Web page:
Newsbook Q&A goes through the coronavirus process

Amy Borg interviews Dr Tanya Melillo

Tista' taqra bil- Malti.

Today at 4pm will be interviewing Dr Tanya Melillo, Public Health Consultant who will be answering the stream of questions which the public has not stopped sending.

She will also go through the process of the coronavirus test: from swab to result. Can they get it wrong? Why is it so effective? Can I have coronavirus and not know?

Journalist Amy Borg will interview Dr Tanya Melillo on with the questions you have sent.

17:00 Thank you for following us.
Monique Agius
16:58 Many are worried that one would need to continue practice social distancing once the outbreak is over?

Dr Melillo: For now, we need to continue practicing social distance. Once we start lifting the measures these will be done gradually. It won't happen overnight. The situation we would like to avoid is thinking it's over only to get a second wave.
Monique Agius
16:56 Is it time to implement more restrictive measures and close other shops?

Dr Melillo says that as a country we were lucky because the measures were implemented earlier on. She says that at this point there was no need to implement more restrictive measures.

It is important to continue practicing social distancing.

The measures which were taken earlier on are paying off, Dr Melillo remarks.
Monique Agius
16:53 Many do not believe that they have tested positive. Others were concerned especially those who are living with elderly parents. Most were in shock but that is understandable, Dr Melillo explains.

Dr Melillo remarks that those who live alone most probably suffered the most not only due to coronavirus but due to loneliness.
Monique Agius
16:49 Why is it that not all residents at Hal Far open centre tested at once?

Dr Melillo explains that by systematically testing all residents one may test negative but might develop symptoms later. She explains that the health authorities are testing residents unit by unit. Those who test positive are then isolated.

Residents at Hal Far open centre are very cooperative and would like to get tested. Despite the language barrier in some cases, they do understand what is going on, Dr Melillo says.
Monique Agius
16:46 Dr Melillo explains in case of house sharing and one of the housemates are placed under mandatory quarantine. She underlines that these people would not be allowed out.
Monique Agius
16:44 What about the impact of the coronavirus outbreak on the frontliners' mental health?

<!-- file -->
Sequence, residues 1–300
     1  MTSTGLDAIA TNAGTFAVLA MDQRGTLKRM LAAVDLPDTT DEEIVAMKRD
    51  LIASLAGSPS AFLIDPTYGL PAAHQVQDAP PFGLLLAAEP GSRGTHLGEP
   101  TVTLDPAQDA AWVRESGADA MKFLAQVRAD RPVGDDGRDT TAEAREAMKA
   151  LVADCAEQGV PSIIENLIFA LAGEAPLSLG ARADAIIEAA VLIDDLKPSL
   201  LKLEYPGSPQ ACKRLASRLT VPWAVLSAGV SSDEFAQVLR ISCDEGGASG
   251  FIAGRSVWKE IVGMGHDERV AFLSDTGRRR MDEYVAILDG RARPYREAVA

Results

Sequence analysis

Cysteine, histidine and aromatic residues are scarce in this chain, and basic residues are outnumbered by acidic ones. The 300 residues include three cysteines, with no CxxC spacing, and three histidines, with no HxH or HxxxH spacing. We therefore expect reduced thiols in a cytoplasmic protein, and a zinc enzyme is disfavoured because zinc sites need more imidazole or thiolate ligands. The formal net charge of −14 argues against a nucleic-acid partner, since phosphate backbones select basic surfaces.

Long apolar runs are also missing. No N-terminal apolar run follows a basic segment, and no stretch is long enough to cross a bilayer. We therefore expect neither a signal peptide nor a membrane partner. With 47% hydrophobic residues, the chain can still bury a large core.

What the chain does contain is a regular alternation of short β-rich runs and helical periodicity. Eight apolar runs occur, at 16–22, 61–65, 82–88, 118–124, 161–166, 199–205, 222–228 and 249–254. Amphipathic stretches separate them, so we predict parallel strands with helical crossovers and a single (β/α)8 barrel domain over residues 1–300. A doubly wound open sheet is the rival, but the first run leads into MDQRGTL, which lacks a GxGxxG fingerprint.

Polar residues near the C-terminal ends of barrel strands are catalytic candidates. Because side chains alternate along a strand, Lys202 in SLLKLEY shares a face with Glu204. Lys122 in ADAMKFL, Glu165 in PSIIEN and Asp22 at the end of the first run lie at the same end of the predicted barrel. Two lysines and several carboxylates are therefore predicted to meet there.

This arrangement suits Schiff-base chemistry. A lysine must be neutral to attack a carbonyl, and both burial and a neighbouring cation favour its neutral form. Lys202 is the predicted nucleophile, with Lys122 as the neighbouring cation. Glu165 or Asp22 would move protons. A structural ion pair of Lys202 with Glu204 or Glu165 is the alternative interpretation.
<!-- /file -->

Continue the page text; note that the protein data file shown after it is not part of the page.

Dr Melillo explains that there is a pandemic response plan in place. The plan takes into account the psychological aspect of the healthcare workers who are working under pressure and especially those who are working in ITU. She says that counselling sessions were being offered to healthcare workers.
Monique Agius
16:43 What medicine is being given to those being treated at home?

Dr Melillo says those at ITU would need a higher dose of concentrated oxygen. These people would be breathing with the help of ventilator.

The doctors will give antibiotics in the case of a secondary bacterial infection.
Monique Agius
16:41 What treatment is being given to patients who are at the IDU and how is this different from those recovering at home?

Dr Melillo says that many are recovering at home because they had mild symptoms. She explains that those being treated at the Infectious Diseases Unit it is most likely because they have chronic illnesses.
Monique Agius
16:35 What is being done to reach out the foreigners living in Malta?

Dr Melillo says that the health authorities were working closely to the NGOs. The NGOs have provided leaflets translated into different languages. The health authorities have found assistance from the embassies too.

Unfortunately the Maltese when they see the sun, they go out, she remarks. She reiterates the call to remain home and avoid going to places where others are likely to gather.

Studies show that social distancing and hand washing are effective against the virus, Dr Melillo says.
Monique Agius
16:33 A reader has asked to widen the testing to reach more individuals.

Dr Melillo says that apart from those who are coming forward through 111, health care workers and residents at Hal Far 'Tent Village' were being tested. She says that in these cases, those who tested positive were not necessarily symptomatic.
Monique Agius
16:32 Given your experience in the sector, how are you looking at the coronavirus?

Dr Melillo has headed the department for the past 15 years. This means she has experienced past public health challenges such as ebola, zika and H1N1.

She says that coronavirus gave the health authorities more challenges.

"The virus is still one step ahead of us," Dr Melillo says referring that there is not enough information.
Monique Agius
16:30 Can a person who has recovered from coronavirus, contract it again? Should one continue practicing social distancing?

Dr Melillo replies in the affirmative. She explains that there is not enough information about the new virus. Studies are currently underway to establish such details. She refers to influenza and highlights that every year one has to take a yearly vaccine.

Such details are not known at this stage to be able to establish what to do next year.
Monique Agius